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Business regulations in Lebanon: where are we? where do we go now?

Jamal Ibrahim Haidar_2's picture
Also available in: Français | العربية
                      World Bank | Emad Abd El Hady

During my time in Lebanon last summer, I convinced a close friend, Maroun, to start a small manufacturing firm for producing soap and shampoo. Eventually, he got the business off the ground, but there is no such thing as a free lunch. I witnessed the pain that Maroun had to go through to formally register and set up his business.

Jordan NOW: randomized experiment designed to boost female labor force participation

Matthew Groh's picture
Also available in: العربية

        World Bank

The low participation rates of women in the workforce in the Middle East and North Africa, lower than any other region in the world, has puzzled analysts for some time. A number of competing causes have been identified, ranging from Islam and geography to natural resource wealth and the character of MENA institutions. Yet what’s missing from the debate so far is an analysis of the microeconomic constraints limiting women from entering the workforce.

Banking regulation and supervision in the Arab world

Amin Mohseni-Cheraghlou's picture
Also available in: Français | العربية

        World Bank | Arne Hoel

Did you ever want to know more about banking regulation and supervision in Middle East and North Africa? It has been possible, for some time now, to get a good sense of MENA's banking regulations and how they compare to other countries and regions in the world. This is thanks in large part to the World Bank’s global Banking Regulation and Supervisory Survey

Education in Egypt: inequality of opportunity across three generations

Lire Ersado's picture
Also available in: العربية

        Kim Eun Yeul

The political transition in Egypt has gone through many phases, but the ability to deliver on the demand for bread, dignity, opportunity and social justice that epitomized the 2011 revolution will continue to stand as an arbiter of its ultimate success. This will be especially apparent in the distribution of economic opportunities and how they are shaped by public policies.

Keep all eyes on the macro

Elena Ianchovichina's picture
Also available in: Français

        Kim Eun Yeul
Although regional economic activity is expected to accelerate in 2012, growth is expected to retreat slightly in 2013. The single biggest risk to this forecast is prolonged political and policy uncertainty, which is a key constraint to private investment and trade, particularly trade in services, while political and social unrest are serious downside risks to the outlook.

Egypt DM launch and roadshow!

Ehaab Abdou's picture

        Kim Eun Yeul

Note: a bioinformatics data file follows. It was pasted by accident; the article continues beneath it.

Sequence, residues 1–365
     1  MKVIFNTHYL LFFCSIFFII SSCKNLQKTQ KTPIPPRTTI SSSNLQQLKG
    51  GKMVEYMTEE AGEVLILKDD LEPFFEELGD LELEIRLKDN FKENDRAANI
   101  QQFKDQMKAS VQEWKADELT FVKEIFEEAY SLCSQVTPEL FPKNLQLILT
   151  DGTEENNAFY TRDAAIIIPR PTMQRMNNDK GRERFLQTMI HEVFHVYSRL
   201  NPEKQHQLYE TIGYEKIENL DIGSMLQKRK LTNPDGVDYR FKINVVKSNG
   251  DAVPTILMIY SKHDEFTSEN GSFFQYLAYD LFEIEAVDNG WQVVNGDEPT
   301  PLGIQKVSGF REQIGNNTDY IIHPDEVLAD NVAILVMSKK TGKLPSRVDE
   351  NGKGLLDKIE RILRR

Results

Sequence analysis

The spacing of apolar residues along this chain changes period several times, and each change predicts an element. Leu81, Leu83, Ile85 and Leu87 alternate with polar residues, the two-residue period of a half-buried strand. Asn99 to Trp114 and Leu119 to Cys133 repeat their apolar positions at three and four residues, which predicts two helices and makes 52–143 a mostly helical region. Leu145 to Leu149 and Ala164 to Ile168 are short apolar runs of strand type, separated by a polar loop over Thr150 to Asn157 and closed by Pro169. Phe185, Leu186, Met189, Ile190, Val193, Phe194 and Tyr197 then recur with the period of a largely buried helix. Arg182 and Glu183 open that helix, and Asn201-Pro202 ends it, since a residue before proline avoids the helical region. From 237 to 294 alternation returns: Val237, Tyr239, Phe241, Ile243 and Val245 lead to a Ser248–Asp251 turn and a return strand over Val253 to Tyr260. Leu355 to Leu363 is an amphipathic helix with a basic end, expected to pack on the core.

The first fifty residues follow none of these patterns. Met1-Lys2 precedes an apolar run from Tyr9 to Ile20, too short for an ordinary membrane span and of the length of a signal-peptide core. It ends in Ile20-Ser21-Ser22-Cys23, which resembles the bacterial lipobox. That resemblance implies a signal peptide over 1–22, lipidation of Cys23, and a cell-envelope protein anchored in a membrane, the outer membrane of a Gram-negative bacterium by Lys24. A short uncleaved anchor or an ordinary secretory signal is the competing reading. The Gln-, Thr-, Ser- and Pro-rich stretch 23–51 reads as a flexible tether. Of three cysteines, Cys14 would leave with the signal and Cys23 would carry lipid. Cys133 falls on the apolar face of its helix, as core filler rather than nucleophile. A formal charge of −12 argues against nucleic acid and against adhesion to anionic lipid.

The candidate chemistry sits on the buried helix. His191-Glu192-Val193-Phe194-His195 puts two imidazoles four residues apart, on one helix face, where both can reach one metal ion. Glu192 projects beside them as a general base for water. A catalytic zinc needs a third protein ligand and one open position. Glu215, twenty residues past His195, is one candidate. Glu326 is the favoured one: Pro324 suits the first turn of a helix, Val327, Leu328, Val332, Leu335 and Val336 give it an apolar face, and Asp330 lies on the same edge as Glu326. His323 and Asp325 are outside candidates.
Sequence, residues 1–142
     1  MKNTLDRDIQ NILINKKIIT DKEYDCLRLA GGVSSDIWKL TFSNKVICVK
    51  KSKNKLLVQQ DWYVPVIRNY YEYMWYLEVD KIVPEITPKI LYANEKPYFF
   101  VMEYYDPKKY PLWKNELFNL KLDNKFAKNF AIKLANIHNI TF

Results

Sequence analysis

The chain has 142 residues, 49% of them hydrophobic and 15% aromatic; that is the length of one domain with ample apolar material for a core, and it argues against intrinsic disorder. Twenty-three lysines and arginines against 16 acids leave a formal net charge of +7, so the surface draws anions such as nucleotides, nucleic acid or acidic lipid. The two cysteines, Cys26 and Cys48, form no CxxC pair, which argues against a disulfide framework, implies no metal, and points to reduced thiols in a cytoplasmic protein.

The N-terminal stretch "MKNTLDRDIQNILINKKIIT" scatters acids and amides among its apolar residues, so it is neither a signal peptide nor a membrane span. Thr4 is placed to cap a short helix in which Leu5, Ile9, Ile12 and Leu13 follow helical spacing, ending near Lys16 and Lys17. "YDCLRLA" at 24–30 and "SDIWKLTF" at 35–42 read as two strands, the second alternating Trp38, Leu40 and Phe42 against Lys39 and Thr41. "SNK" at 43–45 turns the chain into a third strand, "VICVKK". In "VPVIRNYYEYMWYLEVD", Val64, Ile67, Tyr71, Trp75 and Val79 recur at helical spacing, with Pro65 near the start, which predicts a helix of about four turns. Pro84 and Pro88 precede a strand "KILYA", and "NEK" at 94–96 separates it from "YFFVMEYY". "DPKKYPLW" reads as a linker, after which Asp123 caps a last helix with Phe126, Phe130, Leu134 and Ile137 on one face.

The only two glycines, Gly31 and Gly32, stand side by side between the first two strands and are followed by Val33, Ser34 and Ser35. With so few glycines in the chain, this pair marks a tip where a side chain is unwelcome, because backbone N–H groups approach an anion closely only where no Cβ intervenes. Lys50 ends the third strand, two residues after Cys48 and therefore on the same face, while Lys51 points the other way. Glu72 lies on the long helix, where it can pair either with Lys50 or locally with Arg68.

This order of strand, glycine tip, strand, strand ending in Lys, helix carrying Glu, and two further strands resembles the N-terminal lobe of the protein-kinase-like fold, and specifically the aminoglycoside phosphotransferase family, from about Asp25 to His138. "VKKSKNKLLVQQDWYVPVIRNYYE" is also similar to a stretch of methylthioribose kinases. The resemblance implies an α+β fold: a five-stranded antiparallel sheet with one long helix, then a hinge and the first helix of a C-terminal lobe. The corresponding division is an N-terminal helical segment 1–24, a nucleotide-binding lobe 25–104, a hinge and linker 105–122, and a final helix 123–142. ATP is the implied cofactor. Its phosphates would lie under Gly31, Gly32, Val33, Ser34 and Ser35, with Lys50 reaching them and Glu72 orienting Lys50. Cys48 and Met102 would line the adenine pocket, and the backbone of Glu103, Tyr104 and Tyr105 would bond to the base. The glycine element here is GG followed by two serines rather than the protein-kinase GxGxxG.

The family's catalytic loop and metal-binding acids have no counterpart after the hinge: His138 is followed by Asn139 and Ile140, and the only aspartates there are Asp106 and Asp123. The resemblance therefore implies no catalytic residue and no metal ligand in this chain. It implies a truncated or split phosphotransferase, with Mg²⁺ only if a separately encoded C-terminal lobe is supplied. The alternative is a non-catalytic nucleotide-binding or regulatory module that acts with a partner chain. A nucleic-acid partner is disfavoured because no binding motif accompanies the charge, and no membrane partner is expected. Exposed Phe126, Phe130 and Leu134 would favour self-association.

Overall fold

After several months of planning and consultations with our partners, which started in May 2011, the Egypt Development Marketplace (DM) was launched on November 8, 2012. As part of the outreach strategy, the Egypt DM team organized a series of information sessions in four of Upper Egypt’s major cities; Asyut, Qena, Aswan and Minya. The sessions were co-organized and co-hosted with Egypt DM partners International Labor Organization, Social Fund for Development, Sawiris Foundation, and others.

Tunisia’s window of opportunity is still open, for now

Antonio Nucifora's picture
Also available in: Français
        World Bank | Arne Hoel

Last Thursday I had dinner with my friend Youssef. He told me he was disappointed with the way things were turning out in his country. A young Tunisian educated at the Sorbonne, Youssef took leave from his cushy management consultant job to volunteer for the government after the revolution. Like Youssef many Tunisians feel disillusioned. I replied that now is the time to redouble the efforts.

West Bank and Gaza: knowledge as a pathway for dignity

Angelica Thumala's picture
Also available in: العربية

        World Bank | Arne Hoel

Similar to their peers around the world, young Palestinians do equate schooling with the prospect of getting good jobs. But what is most striking is that education has become a source of self-worth and social recognition. In the words of one young man from Old City in Hebron, “When you have a degree you have your respect wherever you go.”

Working in fragile states like Yemen is for more than salmon fishing

Wael Zakout's picture
Also available in: العربية
        Smilie

The other day I was in a car going to a meeting with Yemen’s Minister of Planning and International Cooperation. A car bomb exploded less than 500 meters from our location, targeting the Minister of Defense. The minister escaped but 12 people were killed and many more were injured. These are only some examples of events that we face in a fragile and conflict-affected state.

What’s going to get MENA’s young people to work?

Peter McConaghy's picture
Also available in: Français | العربية
        World Bank | Arne Hoel

Over the next decade, the Middle East and North Africa faces the challenge of creating 40 million jobs for its youth with an estimated 10.7 million new entrants expected to join the labor force. With nearly one in five people between the ages of 15 and 24, the region has one of the youngest populations in the world. Therefore, the employment response must be well above average to employ the current and future jobseekers.

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